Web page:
Dissection day is an occasion that is highly anticipated by many biology students and creates feelings of distress in others. For students whose stomachs are too queasy to perform actual dissections and schools that cannot afford actual dissection equipment, virtual dissections and dissection kits provide an alternate way for students to learn the same skills. Students can virtually dissect everything from a traditional frog to a cat or a human eye.
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Dissecting frogs is the most common type of dissection in biology classes. Virtual dissections allow students who are not comfortable dissecting a real frog an opportunity to learn the same skills. Net Frog, a program by the University of Virginia's School of Education, provides students with videos and models of a frog dissection, along with the opportunity to try the dissection on their own. Through its Virtual Labs program, educational publisher McGraw-Hill offers its own virtual frog dissection, which includes pictures of each step of the dissection, before students complete it on their own.
Virtual Animal Dissections
Animals other than frogs can be dissected online. The "Salmon Dissection Game" allows students to dissect a salmon, guiding students through the process by explaining what tools to use at which point and where to place removed items. Penn State University offers a virtual cat dissection. Students cannot dissect the cat themselves, but can view graphic step-by-step pictures of the process. Whitman College takes students through a virtual fetal pig dissection.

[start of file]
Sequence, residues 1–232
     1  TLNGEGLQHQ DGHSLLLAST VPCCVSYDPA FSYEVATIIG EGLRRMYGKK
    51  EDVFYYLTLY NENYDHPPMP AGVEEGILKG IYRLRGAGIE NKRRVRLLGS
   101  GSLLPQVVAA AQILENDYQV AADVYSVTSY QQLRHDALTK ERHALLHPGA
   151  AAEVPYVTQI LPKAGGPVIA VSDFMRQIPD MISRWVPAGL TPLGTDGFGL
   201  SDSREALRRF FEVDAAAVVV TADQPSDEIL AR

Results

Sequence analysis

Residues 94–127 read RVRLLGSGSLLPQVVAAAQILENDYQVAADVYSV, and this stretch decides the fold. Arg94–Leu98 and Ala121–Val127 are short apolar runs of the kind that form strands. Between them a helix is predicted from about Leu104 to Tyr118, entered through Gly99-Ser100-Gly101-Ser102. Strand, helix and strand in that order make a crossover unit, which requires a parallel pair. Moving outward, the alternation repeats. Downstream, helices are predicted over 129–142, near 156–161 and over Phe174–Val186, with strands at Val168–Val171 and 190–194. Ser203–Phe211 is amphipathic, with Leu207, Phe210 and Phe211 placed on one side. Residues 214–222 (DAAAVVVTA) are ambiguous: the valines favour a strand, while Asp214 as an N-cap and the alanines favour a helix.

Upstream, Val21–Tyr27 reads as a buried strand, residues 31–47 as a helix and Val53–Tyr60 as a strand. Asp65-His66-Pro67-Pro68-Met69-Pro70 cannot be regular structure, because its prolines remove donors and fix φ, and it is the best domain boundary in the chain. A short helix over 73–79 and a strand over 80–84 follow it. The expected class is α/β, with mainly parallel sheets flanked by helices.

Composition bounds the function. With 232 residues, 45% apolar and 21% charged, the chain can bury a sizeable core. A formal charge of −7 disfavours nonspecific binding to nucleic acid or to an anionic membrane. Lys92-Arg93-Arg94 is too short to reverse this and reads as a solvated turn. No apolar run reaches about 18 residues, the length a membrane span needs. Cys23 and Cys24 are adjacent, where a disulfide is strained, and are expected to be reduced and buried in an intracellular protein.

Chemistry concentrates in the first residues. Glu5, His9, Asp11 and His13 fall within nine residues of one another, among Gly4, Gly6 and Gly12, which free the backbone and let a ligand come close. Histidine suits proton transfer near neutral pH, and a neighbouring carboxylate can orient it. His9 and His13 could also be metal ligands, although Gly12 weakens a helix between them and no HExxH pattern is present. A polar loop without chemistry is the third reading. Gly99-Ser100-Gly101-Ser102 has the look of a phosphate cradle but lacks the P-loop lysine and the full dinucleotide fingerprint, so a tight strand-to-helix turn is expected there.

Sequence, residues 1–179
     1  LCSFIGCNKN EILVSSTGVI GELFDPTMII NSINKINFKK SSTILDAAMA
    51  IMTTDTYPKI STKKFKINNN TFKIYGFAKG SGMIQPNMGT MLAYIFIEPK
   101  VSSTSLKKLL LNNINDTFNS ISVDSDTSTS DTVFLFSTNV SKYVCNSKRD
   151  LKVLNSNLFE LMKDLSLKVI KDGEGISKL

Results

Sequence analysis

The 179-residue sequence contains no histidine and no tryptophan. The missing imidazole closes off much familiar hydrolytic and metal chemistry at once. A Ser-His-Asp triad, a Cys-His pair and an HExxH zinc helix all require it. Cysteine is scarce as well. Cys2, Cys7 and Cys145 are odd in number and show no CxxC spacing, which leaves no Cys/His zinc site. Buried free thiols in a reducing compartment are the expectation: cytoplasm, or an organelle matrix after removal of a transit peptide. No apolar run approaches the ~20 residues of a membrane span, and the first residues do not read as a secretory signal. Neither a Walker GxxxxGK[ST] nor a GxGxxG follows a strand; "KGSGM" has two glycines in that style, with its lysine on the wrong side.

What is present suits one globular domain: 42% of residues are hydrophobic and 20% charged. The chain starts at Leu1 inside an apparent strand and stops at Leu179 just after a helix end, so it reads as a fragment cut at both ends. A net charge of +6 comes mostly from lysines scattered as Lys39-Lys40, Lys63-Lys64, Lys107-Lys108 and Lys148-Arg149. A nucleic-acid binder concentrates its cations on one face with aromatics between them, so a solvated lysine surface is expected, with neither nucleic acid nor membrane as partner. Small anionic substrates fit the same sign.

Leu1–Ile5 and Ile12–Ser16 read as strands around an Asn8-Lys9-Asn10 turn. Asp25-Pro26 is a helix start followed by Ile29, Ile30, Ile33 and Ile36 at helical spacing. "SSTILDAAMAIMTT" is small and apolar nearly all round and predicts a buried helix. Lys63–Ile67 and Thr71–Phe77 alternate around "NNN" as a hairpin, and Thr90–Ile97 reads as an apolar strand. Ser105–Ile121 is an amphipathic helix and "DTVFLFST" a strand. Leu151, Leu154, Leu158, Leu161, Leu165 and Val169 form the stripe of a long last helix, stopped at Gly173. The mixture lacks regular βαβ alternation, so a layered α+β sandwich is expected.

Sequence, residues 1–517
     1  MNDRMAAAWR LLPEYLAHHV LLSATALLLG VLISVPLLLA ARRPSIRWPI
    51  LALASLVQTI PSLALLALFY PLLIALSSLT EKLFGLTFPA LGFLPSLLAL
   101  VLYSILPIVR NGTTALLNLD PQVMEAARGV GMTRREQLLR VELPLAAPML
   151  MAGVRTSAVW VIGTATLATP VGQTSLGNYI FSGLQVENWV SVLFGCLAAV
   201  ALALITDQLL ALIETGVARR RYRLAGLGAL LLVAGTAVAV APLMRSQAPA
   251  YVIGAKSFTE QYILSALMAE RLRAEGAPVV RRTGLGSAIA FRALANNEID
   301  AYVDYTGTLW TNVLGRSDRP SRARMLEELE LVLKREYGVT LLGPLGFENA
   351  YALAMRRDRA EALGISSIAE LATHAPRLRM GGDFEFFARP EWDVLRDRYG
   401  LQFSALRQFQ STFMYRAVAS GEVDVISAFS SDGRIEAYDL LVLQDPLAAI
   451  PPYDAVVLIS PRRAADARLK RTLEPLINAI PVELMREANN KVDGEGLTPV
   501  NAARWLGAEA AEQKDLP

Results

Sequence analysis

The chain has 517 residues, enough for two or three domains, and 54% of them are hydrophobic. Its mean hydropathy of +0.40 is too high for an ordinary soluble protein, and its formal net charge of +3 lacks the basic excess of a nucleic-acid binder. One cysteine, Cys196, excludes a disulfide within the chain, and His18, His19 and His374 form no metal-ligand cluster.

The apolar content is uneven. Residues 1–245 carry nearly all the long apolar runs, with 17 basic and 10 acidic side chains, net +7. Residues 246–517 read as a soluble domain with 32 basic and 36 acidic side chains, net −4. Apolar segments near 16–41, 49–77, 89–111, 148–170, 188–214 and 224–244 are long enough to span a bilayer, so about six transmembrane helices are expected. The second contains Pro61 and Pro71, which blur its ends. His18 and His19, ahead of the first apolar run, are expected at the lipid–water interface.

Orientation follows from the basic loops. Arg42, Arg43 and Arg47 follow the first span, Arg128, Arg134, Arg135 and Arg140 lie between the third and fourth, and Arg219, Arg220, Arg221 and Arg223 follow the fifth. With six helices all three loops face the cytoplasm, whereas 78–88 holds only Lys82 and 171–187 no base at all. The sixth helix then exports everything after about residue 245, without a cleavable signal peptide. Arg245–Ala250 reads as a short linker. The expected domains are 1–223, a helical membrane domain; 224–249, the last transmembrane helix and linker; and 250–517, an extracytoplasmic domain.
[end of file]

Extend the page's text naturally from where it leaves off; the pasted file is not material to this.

Other Virtual Dissections
For those not so keen on dissecting an animal, the process can be done with other objects. Science Kids (sciencekids.co.nz) allows students to dissect a flower as a way of learning all of its parts. KidWings (kidwings.com) offers a virtual owl pellet dissection where students can discover bones and other remnants of what the owl ate.
Computer Dissection Programs
Froguts (dissect.froguts.com) is a computer dissection program that schools and individual students can subscribe to. As of 2011, the cost of a subscription was £195 for schools and £19 for individual students. With a subscription, users receive a CD with programs to dissect a variety of items, including frogs, starfish, cow eyes, owl pellets, squid, fetal pigs and peas. This program can provide the dissection experience for students without the cost of purchasing lab equipment and maintaining a lab.
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